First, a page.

In London the FTSE 100 Index collapsed by nearly 260 points in early trading before recovering, then falling again to close down 119.1 at 5249.4.
The Dow Jones opened confidently, rising 70 points during the morning before falling 154 points at lunchtime, recovering slightly in the afternoon when the index was off 40 points at 8128 points, and closing at 8051.68, after a total fall for the day of 114.31. Earlier, shares in Tokyo had fallen to a 12-year low when the Nikkei index closed down 497.6 points at 13,915.2.
In Russia, shares fell to new historic lows, although the volume of trade was negligible, according to dealers.
In Frankfurt, shares were pounded by concern over the exposure of German companies to Russia's failing economy. The Xetra DAX electronic index fell 5.2 per cent but rallied to end the day down 86.9 points at 4925. France, with a lighter exposure to Russia, saw its CAC-40 index fall by 36.7 points to close at 3708, a dip of 1 per cent.
Deutsche Bank and Bank of America, two of the world's biggest banks, yesterday became the latest to reveal exposures amounting to several hundred million pounds as a direct result of the crisis.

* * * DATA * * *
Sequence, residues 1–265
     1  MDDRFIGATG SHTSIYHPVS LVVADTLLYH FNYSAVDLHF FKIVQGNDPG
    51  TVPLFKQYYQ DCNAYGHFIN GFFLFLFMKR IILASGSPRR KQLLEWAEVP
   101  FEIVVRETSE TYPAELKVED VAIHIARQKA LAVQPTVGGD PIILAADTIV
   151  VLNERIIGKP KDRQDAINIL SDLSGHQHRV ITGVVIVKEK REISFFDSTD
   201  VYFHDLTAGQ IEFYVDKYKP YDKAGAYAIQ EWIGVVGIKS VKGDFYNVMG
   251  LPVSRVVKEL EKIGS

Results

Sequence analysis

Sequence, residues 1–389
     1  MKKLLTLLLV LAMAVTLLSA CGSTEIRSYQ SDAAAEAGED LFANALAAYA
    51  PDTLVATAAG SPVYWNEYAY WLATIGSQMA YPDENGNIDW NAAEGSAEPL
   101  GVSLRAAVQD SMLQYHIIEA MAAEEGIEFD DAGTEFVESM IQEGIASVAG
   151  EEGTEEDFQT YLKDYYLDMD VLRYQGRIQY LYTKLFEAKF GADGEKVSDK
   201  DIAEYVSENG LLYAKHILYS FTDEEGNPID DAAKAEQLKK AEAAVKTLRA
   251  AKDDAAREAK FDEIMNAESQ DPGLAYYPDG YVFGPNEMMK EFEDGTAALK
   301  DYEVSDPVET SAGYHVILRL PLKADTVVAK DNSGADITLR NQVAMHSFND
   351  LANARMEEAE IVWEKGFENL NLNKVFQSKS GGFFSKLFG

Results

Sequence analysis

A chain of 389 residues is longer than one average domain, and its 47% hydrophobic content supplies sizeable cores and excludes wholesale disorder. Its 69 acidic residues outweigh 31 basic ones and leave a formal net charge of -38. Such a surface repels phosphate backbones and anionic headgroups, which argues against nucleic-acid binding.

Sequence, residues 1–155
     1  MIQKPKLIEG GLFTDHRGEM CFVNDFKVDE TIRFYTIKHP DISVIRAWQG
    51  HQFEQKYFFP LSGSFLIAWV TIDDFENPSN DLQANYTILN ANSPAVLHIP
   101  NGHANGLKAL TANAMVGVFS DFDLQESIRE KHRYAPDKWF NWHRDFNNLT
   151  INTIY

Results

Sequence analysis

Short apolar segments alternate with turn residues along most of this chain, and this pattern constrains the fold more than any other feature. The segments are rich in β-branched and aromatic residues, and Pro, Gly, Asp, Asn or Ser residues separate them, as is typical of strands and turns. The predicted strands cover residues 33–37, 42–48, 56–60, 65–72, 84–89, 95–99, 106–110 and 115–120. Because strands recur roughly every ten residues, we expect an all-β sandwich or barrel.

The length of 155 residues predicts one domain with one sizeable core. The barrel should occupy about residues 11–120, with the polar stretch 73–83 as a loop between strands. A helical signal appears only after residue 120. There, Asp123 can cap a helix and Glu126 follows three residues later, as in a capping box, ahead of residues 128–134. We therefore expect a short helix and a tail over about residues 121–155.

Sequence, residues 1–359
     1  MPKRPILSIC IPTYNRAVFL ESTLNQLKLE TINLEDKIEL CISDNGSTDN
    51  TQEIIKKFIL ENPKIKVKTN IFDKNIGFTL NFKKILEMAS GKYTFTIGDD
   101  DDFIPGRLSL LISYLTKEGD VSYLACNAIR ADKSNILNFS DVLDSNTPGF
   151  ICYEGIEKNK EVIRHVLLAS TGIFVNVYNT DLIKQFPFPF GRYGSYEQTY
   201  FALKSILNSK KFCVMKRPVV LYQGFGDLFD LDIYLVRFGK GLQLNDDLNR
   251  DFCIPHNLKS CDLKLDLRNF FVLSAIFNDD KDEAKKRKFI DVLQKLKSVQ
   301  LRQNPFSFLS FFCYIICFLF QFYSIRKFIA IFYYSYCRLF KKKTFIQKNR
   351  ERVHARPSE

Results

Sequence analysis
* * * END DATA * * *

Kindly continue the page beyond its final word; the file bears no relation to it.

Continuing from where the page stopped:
Deutsche Bank confirmed it had lent a total of 1.35bn marks (pounds 460m) to Russian institutions without the support of state guarantees. It had also taken a big position in short-term Russian government paper totalling $290m (pounds 175m).
It said it would not know the scale of its loss until the Russian government published details of its debt restructuring plan. Trading in the short- term paper has been halted by the Russian government.
Deutsche Bank - Germany's largest private bank - said it had made other investments to offset the position in government paper. "The bank will follow further developments in Russia closely and will adjust its already considerable amount of corresponding risk provisions as required according to the latest developments," said a statement.
BankAmerica yesterday said it too had fallen victim to the crisis. It revealed trading losses of $220m in the last three months alone, most of them in Russia.
Seeking safer investments, traders rushed into government bonds. That sent the yield on 30-year US government bonds to its lowest level since sales began in 1977.
Iain Lindsay, head of capital markets strategy at BMO Nesbitt Burns, said: "We're in a state of panic and paralysis - there's outright confusion here. The wave of panic hasn't passed yet."Reuse content